Pick Your Pipe for Plumbing

Before owners put the wrench to a leaking pipe or decide to replace portions of a pipe itself – STOP! Was the house built before or in the 1960’s? Are there galvanized steel pipes, copper pipes, clay pipes, or cast-iron pipes? Before they decide to take on the job themselves, knowing the kind of pipes the home has and selecting the right replacement pipes could save headaches, money, and time.

Galvanized Steel

Most of the piping used before the 1960’s was galvanized steel, the bane of plumbing for older homes. Over time galvanized steel pipes plug, corrode, and need replacement. Plumbing contractors might suggest replacing the entire piping system, but this can be costly. Owners looking for a less expensive alternative should, at a minimum, consider fixing any pipes made of galvanized steel. Once this decision is made, owners must then choose a suitable material for the replacement pipes. Generally, copper or plastic piping is best.

Copper Pipes

When replacing pipes, it is important to comply with city building codes. Palo Alto, for example, accepts K or L-type copper pipes because they are self-sanitizing, ensuring that no toxic growth will accumulate in the pipes. K-type copper, however, is preferred due to its strength and thickness. In addition to its self-sanitizing properties, copper piping creates a biostatic atmosphere, thereby impeding bacterial growth inside the pipes (a very important health concern). Aside from copper, Palo Alto also permits other types of replacement pipes such as: PE (Black Poly), CPVC (chlorinated polyvinyl chloride), and PVC.

Clay and Cast-Iron Pipes

In older homes, sewer lines with clay or cast-iron pipes are often found. Clay pipes are generally vulnerable to being crushed or facing root intrusion while case-iron pipes may corrode and deteriorate. When repairing a sewer system, it is extremely helpful to use a video camera, such as a “sewer scope”, during inspection. The “sewer scope” can help detect a lot of relevant information such as:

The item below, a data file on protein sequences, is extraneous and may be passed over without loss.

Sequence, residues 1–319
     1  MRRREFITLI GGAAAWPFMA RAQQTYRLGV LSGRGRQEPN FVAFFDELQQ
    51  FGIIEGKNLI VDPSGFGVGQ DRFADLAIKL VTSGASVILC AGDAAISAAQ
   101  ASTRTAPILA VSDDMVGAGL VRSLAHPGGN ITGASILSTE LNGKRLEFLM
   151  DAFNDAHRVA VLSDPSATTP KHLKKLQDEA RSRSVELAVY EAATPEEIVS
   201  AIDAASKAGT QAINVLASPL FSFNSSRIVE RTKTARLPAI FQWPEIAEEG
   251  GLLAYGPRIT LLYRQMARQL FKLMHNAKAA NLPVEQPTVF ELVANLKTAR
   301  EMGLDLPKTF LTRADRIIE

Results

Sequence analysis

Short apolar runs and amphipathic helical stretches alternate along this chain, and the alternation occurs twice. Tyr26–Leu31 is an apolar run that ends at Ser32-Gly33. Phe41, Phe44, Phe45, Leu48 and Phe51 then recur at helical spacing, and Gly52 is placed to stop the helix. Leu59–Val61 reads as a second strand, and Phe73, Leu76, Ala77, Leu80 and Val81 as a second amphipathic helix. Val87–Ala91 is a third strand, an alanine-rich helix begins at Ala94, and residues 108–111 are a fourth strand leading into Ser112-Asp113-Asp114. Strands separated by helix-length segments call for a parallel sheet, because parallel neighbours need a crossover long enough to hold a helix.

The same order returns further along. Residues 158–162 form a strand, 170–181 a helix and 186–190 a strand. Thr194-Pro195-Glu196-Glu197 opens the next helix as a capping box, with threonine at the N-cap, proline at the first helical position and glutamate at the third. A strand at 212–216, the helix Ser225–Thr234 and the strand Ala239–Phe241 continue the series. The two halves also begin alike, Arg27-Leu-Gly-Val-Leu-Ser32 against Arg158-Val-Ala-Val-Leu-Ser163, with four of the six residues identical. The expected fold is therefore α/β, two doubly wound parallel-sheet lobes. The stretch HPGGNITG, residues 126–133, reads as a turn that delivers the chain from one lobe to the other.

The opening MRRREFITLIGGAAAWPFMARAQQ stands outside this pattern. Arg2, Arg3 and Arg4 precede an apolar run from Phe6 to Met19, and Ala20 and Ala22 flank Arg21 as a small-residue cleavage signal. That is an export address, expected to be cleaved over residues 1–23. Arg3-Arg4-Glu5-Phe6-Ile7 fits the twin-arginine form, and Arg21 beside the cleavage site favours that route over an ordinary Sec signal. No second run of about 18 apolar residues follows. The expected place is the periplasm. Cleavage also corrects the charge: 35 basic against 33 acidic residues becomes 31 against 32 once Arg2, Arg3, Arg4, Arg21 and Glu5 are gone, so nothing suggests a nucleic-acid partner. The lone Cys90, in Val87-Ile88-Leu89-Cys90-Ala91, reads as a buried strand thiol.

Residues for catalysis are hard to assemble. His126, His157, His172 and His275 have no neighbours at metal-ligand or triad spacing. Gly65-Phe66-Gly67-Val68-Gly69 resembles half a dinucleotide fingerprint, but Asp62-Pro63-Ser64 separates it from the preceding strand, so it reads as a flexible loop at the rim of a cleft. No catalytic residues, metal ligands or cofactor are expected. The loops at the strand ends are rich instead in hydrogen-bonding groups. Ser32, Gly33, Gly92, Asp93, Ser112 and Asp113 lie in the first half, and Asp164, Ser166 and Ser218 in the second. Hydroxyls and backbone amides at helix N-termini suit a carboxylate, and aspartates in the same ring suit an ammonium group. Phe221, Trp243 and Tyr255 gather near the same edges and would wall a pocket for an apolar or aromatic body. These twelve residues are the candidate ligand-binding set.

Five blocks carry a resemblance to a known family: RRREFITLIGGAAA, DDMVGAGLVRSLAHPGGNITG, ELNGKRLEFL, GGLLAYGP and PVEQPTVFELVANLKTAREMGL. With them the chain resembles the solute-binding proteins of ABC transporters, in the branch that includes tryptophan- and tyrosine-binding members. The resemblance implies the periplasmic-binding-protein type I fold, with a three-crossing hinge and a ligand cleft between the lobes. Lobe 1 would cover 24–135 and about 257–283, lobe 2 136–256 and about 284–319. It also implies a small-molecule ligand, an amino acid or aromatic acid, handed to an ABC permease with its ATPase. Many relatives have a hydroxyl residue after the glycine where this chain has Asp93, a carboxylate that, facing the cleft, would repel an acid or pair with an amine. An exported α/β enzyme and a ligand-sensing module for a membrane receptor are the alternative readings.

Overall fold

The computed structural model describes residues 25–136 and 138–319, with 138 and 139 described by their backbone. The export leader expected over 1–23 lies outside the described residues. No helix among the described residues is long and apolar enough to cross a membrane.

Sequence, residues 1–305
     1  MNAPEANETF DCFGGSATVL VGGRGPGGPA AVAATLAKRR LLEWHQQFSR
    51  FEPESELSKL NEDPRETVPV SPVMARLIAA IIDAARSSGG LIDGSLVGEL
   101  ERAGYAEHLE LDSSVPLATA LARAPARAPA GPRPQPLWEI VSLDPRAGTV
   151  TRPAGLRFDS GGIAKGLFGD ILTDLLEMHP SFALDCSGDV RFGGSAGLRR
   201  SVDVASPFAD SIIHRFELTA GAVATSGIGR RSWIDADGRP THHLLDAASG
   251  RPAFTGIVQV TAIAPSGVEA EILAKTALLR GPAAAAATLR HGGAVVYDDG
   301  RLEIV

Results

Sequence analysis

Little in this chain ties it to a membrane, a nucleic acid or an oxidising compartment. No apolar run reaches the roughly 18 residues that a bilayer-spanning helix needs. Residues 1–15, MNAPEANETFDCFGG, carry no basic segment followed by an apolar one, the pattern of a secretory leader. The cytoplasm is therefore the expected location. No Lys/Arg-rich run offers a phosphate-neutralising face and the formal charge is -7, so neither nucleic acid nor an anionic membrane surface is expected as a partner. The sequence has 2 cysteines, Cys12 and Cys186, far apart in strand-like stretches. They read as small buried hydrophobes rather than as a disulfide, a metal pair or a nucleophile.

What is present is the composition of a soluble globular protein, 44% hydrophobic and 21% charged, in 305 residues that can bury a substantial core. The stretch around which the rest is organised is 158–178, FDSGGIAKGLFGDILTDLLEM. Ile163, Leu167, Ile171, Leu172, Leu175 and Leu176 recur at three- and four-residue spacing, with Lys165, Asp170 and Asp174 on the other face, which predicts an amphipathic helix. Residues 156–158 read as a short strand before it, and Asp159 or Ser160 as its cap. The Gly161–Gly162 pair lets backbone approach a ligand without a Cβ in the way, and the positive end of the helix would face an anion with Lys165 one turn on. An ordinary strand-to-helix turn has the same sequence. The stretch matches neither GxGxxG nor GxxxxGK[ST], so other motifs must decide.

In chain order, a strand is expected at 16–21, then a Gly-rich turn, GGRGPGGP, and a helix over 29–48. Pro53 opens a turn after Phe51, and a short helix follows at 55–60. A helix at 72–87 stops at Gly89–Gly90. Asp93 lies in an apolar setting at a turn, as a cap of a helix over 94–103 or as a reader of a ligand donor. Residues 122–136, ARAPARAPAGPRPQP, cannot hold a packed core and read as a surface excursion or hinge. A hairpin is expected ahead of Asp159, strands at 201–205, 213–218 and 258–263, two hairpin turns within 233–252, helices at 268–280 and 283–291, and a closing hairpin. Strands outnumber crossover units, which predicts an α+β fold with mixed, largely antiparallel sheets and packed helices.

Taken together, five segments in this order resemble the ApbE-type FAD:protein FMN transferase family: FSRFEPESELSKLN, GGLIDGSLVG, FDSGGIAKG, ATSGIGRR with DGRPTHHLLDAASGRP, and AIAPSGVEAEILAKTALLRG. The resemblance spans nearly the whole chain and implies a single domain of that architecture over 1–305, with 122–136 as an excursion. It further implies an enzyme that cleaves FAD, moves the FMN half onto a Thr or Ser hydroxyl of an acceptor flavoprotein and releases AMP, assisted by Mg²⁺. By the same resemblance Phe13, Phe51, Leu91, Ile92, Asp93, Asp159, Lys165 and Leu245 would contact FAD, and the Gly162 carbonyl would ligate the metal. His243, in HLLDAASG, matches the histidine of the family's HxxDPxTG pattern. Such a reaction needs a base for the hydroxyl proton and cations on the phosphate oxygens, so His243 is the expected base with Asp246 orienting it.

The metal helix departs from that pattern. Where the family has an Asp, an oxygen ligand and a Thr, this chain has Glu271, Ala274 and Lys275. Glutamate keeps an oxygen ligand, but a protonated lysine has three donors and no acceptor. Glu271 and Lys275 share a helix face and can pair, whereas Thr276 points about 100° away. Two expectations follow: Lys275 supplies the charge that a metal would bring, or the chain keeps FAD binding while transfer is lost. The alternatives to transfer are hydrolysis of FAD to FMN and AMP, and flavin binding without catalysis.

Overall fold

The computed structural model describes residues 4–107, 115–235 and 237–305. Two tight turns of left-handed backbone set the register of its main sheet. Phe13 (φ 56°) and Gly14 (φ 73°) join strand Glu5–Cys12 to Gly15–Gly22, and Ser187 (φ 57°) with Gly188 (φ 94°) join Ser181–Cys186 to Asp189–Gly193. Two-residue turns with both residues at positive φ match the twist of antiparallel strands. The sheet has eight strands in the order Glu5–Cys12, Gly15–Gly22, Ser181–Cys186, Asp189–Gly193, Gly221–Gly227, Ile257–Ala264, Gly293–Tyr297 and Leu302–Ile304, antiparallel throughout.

tree root intrusions, separated pipes, offset pipe joints, or broken pipes.

Interior Copper Pipes & Plastic Pipes

For the interior of the home, many owners have chosen to replace galvanized plumbing with copper plumbing. Typically, for a 1,500 square foot home, this type of replacement costs approximately $8,000 to $10,000.

Pex piping, a type of plastic piping, is a less expensive alternative and usually costs around $4,000 to $6,000 due to lower material/labor costs. Although some environmental groups worry about unknown health risks associated with plastic water supply lines, Pex piping has been used widely throughout the United States.

No matter the type of pipes or their age, well-maintained pipes will always last longer! Pipe replacement may be a tricky and complicated process, therefore, it is always best to consult a qualified specialist.